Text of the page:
• by Steve Lang •
Three-time graduate Eddie Sandoval, who has combined a lengthy career in education with his work as a Native American preservationist, will deliver the commencement address at Sul Ross State University-Alpine’s spring graduation exercises Friday, May 17.
Sul Ross-Alpine ceremonies begin at 7 p.m. in the Pete P. Gallego Center. Rio Grande College will hold graduation exercises Saturday, May 18, 7:30 p.m. in the Del Rio Civic Center.
A total of 255 students are candidates for degrees, 172 at Sul Ross-Alpine and 83at RGC.
At Sul Ross-Alpine, the Sul Ross Commencement Band, directed by Dr. Jeffrey Meyer, assistant professor of Music, will play the processional, “Pomp and Circumstance,” and the recessional, “Victors March.” Dr. Joseph Velasco, associate professor of Communication, will be the macebearer and will read the names of the graduates. Dr. Kevin Urbanczyk, professor of Geology and Dr. James Zech, professor of Biology, will serve as marshals.
Sul Ross President Dr. Bill Kibler will introduce the speaker and confer degrees. Dr. Jimmy Case, Executive Vice President and Provost for Academic Affairs, will preside over the ceremony, deliver the welcome, introduce the platform party and announce honors and recognitions.
Anissa Garcia, El Paso, who will graduate magna cum laude, will deliver the invocation. Dr. Andrew Alegria, director of Choral Music and Vocal Studies, will lead the singing of “God Bless America” and “Alma Mater.”
Sandoval, Arlington, who holds both a bachelor’s and master’s degree in industrial technology as well as a master’s degree in educational counseling from Sul Ross, spent over 40 years in secondary and higher education. After teaching and coaching for five years in San Antonio, he worked nearly 40 years at Tarrant County College, Fort Worth, retiring in 2011 as head of counseling.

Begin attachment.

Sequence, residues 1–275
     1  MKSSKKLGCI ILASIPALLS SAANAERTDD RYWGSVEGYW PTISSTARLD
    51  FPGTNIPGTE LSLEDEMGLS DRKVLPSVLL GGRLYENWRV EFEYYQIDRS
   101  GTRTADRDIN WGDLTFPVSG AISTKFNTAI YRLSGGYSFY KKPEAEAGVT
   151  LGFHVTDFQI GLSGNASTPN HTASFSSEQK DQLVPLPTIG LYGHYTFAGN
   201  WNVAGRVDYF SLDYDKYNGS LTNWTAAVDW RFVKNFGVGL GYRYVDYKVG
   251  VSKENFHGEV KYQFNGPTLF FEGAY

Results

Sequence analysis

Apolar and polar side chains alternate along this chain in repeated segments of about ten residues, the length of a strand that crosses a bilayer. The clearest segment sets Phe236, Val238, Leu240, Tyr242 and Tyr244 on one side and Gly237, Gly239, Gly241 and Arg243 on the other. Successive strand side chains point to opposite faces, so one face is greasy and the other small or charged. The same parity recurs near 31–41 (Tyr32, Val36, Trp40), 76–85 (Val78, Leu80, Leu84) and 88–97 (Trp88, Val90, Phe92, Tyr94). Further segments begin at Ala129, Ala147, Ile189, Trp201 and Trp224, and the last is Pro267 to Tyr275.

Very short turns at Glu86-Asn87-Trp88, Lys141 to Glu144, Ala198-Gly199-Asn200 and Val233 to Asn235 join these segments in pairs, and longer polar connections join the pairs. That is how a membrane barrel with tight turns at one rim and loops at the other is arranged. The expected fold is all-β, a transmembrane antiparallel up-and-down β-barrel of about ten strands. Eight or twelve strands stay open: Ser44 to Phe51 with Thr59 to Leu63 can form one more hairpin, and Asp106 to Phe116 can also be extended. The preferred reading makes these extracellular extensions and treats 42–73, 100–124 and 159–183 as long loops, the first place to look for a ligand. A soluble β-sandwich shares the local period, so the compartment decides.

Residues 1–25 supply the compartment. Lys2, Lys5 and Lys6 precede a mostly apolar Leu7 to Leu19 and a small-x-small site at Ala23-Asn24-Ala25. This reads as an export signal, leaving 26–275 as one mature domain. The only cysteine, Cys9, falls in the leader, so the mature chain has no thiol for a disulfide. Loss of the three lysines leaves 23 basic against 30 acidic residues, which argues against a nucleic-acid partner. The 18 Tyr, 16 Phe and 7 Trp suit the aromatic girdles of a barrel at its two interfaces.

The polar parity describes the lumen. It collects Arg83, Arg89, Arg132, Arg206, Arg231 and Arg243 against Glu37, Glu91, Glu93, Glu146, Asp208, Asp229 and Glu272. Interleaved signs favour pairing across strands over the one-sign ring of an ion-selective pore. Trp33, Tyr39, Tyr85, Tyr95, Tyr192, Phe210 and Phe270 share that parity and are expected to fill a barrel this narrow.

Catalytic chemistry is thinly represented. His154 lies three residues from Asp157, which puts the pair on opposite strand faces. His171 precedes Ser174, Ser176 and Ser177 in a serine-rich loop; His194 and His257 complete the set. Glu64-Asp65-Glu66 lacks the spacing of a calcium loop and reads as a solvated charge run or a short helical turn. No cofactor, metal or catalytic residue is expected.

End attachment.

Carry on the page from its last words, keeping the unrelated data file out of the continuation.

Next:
Alongside his education and counseling careers, Sandoval, who has ancestors in the Mescalero and Chiricahua Apache tribes of Geronimo, has become well known as a Native American preservationist and historian. He also became a Sun Dancer at Pine Ridge, South Dakota in the early 1990s, a distinction enabling him to carry out numerous ceremonies and blessings.
For his decades of work advocating for the people of Tribal Nations and representing and preserving Native American heritage, Sandoval was inducted into the Texas Trail of Fame on May 14, 2018. The Trail of Fame honor comes with a bronze marker inlaid at the historic Fort Worth Stockyards.
The Eddie Sandoval Industrial Technology Excellence Fund, created in 2018 with an endowment from Margie Reynolds of Granbury, assists Sul Ross students through scholarships, graduate assistantships, research project funding, equipment, and supplies.
“Eddie is a unique individual who Sul Ross should be proud to recognize,” said Sul Ross alumnus Sharon Henderson. “When I think of Eddie, I hear him saying, ‘How can I help?’”